If you aren’t familiar with her work, Marian Call is an Alaskan singer/songwriter and entrepreneur who creates lovely music about avocados and space ships.

I’m in no state to be conjuring the deserved praise, I didn’t get nearly enough sleep last night.

Just go get the album.

Trust me.

It’s amaaaaaaaaaaaazing.

.. and here are some variations on the above illustration.

Labor Day – 2011 – Women in Comics

Sunday, September 4th 2011 by Pat

Labor Day never meant anything to me until a few years ago when my globetrotting friend Arlo suggested we actually begin celebrating human endeavor.

In a nutshell, every Labor Day I make sure to give some of my money to the independent artists, programmers, and content creators whose work I enjoy and, further, to highlight their work on my blog so that others may find them, too.

Arlo Midgett

In putting together my Labor Day picks this year, I decided to run with a theme.

Women in Comics.

If you follow such things, you know Batgirl showed up at the San Diego Comic Con to ask Where are the women?

So, where are the women? Well, they’re right here and they seem to be doing fine without Marvel or DC.

Meredith Gran

Meredith’s comics have great pacing, she’s capable of everything from explosive action to capturing the subtle, fleeting emotions we haven’t even bothered to name.

Meredith primarily writes and illustrates Octopus Pie, a webcomic about a couple of young women living in Brooklyn. Her work is funny and smart, driven by a strong voice and well expressed through her distinct visual style.

I can only speak from my own experience as a “Woman in Comics”, and I usually choose not to. In the context of interviews it always seems irrelevant and forced. I’ve found that many women my age – whose work amasses years of experience in both major and small publishing, self-publishing, webcomics, all measures of freelance, and studio work – are reluctant to bring their gender into a discussion of their craft. It simply has nothing to do with the ability to get the job done (which we’re also quite busy doing) and serves to “other” women in discussion of a male-dominated industry.

Meredith Gran

Vera Brosgol

I’d never play favorites in an article like this but if I did, Vera’s the one. She’s weird. She’s a curmudgeon. She’s brilliant.

At age sixteen, Vera was writing and illustrating her own webcomic, Return to Sender. It became a bit of a legend in the webcomics world and people still ask about it at conventions. It’s worth checking out even though it’s been mothballed for the past several years.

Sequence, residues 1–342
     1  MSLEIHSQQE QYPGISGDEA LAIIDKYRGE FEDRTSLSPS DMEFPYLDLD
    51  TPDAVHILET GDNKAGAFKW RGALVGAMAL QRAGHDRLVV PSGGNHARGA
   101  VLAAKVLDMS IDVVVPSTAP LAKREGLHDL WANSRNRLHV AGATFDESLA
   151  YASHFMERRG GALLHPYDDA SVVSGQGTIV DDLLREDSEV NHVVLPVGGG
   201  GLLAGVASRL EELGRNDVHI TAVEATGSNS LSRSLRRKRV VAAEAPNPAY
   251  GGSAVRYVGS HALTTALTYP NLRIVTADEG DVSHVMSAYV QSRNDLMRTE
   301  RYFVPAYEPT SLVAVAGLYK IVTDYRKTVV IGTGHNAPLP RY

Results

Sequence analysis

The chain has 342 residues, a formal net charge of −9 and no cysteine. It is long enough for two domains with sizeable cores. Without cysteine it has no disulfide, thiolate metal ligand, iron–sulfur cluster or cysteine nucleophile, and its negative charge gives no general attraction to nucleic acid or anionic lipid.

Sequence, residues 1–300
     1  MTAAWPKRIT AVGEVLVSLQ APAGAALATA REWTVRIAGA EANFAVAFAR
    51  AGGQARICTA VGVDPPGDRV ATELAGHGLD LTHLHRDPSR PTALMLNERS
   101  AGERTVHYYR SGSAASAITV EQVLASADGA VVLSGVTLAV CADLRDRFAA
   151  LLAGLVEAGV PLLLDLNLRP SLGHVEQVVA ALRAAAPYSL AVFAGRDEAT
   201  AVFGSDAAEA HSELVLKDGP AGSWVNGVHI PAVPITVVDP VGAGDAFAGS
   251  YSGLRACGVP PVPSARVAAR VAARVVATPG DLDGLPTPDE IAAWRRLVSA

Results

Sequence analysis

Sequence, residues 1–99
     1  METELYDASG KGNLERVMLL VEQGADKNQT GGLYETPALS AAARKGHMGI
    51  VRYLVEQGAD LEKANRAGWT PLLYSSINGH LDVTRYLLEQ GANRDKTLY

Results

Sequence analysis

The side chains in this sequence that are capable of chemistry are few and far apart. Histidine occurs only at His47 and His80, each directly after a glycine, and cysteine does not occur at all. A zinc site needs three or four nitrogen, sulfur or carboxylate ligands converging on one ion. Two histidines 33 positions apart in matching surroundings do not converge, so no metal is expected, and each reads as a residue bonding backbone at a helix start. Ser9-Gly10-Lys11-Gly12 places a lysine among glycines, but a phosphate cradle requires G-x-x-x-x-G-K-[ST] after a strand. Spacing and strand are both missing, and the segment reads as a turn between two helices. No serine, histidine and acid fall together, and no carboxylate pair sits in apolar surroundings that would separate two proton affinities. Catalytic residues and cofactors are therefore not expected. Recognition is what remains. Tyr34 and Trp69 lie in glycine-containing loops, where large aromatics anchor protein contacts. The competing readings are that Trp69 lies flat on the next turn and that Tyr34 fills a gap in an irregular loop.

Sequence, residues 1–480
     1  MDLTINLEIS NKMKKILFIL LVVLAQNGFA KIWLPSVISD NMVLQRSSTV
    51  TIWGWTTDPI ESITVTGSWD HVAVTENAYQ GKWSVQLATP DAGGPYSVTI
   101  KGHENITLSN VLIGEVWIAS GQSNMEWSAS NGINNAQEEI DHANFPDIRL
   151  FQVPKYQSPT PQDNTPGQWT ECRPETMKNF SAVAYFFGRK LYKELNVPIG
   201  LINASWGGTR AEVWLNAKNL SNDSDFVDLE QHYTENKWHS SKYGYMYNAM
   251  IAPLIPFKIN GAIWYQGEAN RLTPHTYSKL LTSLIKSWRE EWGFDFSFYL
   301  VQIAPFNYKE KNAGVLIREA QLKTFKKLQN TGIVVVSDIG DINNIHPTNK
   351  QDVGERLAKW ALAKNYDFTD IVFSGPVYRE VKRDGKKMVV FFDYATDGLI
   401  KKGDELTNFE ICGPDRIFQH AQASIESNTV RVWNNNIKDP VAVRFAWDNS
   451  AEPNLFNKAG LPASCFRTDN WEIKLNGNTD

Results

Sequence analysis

Vera contributes to the Flight Anthologies but what you’ll really want to find is a copy of her recently released book, Anya’s Ghost. It’s a twisty little story and goes in pleasantly unexpected directions.

Jen Wang

Jen’s work on Koko Be Good is breathtaking. Her lines sway and dance, it all feels very natural, as if she somehow figured out how to paint with wind.

Raina Telgemeier

Just this summer, Raina won an Eisner Award for her autobiographical story, Smile. That’s the big one, the Oscar of comics and it was well deserved.

Smile is colorful and has a timeless element to it. For me, I was drawn back to middle school and the story was like having a friend along who could understand all the same problems and embarrassments of growing up. It’s exactly the book I want to get my nieces when they hit sixth grade.

Raina also logs plenty of hours on the Babysitter’s Club graphic novels and has a nice collection of webcomics.

Erika Moen

Erika Moen has the best biographical webcomic I’ve ever read. DAR: A Super Girly Top Secret Comic Diary. It’s probably not safe for work or kids but I guess that all depends on perspective.

Erika’s artwork improves dramatically from start to finish of the comic but the real beauty is in how she writes. Erika is incredibly authentic and after a while it just feels like you’re sitting in a room with the funniest most awesome little punk lesbian friend you’ve ever had.

And then she farts.

There are others women in comics. Dozens. Hundreds. Thousands. Go find and support Hope Larsen, Kate Beaton, Katie Shanahan, Jess Fink, Danielle Corsetto, Alison Bechdel, Hailey Bachrach & Bridget Underwood, Emily Carroll or any of the others.

I realize that the Women in Comics issue is more complicated than just pointing to some awesome women who are brave enough to pursue their creative passions. Marvel and DC are the big houses and it’s scary how underrepresented women are in the core of the industry.

On one level, it’s just dumb comic book drama but the roots go much deeper into the heart of entertainment, media and society. Stories reflect and shape our world and it’s appropriate to ask difficult questions about their content. Do these stories resonate with our values? What do they expose about the human condition?